Also, another lubrication-related factor to consider is the compressor’s leakage-control capability. In an age where the reduction or elimination of fugitive emissions to the atmosphere is becoming increasingly important, some compressor designs that require lubrication in the upper cylinder and valve area do not have a gas-sealing section, known as a “distance piece.” This method of design can produce a compressor with significantly higher leakage rates, which can be viewed as an environmental hazard.

Good – and getting better

All things considered, oil-free reciprocating piston compressors have proven to be the best choice when transferring a wide range of liquids and gases. In fact, they significantly outperform their lubricated reciprocating piston cousins, as well as various models of rotary vane, screw and scroll compressors, in a number of important operational areas.

The developers and manufacturers of reciprocating piston compressor technology have introduced a number of enhancements to the standard design of the compressor. These include:

  • Improved valve designs. Larger valves offer better product-flow patterns, with polyetheretherketone (PEEK) valve plates now standard. The unit’s unloaders are now made of stainless steel, with stainless steel also an option for the valves. Models with smaller valves have a restricted flow path with PEEK valve plates optional and unloaders made of ductile iron or steel.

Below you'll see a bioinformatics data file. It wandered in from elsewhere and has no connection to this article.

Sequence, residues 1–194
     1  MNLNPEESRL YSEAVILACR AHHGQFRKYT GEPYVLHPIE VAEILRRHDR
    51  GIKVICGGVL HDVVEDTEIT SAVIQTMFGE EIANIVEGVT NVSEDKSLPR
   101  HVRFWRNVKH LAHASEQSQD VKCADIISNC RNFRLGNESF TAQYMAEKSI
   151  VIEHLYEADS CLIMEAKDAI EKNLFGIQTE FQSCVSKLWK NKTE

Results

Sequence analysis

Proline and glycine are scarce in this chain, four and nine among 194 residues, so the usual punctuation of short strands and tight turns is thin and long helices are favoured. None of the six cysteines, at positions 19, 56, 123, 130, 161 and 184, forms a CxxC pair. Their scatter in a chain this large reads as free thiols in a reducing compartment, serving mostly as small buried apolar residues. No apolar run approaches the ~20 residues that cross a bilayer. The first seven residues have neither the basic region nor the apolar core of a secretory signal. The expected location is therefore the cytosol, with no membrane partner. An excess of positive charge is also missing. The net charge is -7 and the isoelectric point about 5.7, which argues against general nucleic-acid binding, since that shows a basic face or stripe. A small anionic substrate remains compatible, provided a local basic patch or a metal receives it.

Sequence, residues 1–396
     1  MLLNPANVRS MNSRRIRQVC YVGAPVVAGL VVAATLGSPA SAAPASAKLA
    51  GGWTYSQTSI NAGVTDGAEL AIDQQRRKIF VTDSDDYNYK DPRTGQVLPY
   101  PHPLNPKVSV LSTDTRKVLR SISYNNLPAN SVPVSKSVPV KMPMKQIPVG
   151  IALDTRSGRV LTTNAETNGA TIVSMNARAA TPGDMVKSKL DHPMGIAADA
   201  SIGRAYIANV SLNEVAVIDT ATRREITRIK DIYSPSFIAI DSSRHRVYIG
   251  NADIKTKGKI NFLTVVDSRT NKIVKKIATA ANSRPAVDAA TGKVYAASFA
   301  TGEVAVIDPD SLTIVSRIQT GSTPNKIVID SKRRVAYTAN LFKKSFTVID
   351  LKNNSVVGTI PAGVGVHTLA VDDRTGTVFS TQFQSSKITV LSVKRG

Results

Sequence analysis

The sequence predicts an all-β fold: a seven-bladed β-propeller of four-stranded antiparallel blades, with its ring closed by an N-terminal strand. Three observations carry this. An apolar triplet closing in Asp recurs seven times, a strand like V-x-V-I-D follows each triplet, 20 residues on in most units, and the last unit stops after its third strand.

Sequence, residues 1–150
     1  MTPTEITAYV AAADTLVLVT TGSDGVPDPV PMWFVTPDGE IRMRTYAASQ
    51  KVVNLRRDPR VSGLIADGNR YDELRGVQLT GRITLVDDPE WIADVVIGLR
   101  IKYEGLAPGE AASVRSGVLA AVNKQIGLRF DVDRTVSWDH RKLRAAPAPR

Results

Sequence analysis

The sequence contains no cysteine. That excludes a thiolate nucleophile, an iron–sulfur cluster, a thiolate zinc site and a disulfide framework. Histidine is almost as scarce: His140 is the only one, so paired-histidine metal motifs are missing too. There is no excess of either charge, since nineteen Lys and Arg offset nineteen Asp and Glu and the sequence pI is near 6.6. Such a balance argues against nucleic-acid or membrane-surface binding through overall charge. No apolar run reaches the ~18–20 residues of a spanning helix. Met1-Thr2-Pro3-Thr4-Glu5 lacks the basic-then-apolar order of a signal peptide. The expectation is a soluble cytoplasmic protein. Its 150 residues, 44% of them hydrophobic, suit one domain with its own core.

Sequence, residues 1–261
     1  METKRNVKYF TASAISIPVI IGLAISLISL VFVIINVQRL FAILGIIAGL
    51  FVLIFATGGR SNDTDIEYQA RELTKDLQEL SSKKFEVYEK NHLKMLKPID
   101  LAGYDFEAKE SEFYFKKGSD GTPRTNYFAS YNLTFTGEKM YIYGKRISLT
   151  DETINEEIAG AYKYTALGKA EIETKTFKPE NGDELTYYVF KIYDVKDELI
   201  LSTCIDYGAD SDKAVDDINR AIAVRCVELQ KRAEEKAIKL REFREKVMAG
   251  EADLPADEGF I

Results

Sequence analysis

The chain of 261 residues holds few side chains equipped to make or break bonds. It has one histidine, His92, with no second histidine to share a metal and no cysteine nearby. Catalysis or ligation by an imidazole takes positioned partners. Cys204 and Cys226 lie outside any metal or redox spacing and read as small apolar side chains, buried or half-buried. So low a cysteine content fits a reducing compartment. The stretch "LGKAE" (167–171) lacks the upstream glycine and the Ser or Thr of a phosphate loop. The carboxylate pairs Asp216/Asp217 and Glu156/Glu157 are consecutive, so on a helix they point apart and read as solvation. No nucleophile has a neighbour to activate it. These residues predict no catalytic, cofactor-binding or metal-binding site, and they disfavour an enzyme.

• One-piece piston design. The piston is simply threaded to the piston rod and secured with one lock nut with no need for piston screws. Legacy designs feature a slip-fit piston platform that is clamped to the rod with a lock nut and roll pin, while the piston is attached via many small screws.
  • Long-life piston rings. The ring’s increased radial thickness provides longer service life.
    Improved oil control. For applications that require maximum leakage control, S3R oil-control seals provide more precise oil containment.
  • Improved bearing design. Features a larger, more robust steel wrist pin needle bearing instead of bronze bushings. The larger wrist pins lower bearing loads, which equates to longer service life. The needle bearings are also lubricated under all rod-load conditions, which also improves service life.
  • Improved crankcase design. A large main roller bearing is located on the crankshaft, eliminating the need for bronze bushings at the oil pump bearing carrier. Older compressor models feature smaller main roller bearings and a shaft adapter between the pump and crankshaft, which can be a failure point.


Knowing the needs, parameters and, yes, peculiarities of any type of product-transfer application is a must for anyone who wants to optimize their overall operation. Oil-free reciprocating piston compressors have proven to be the most effective machine in this realm, with the recent upgrades to their design and operation providing additional benefits and peace of mind for the operator.

Ron Crouch is product management director for Blackmer. He can be reached at 616-475-9352 or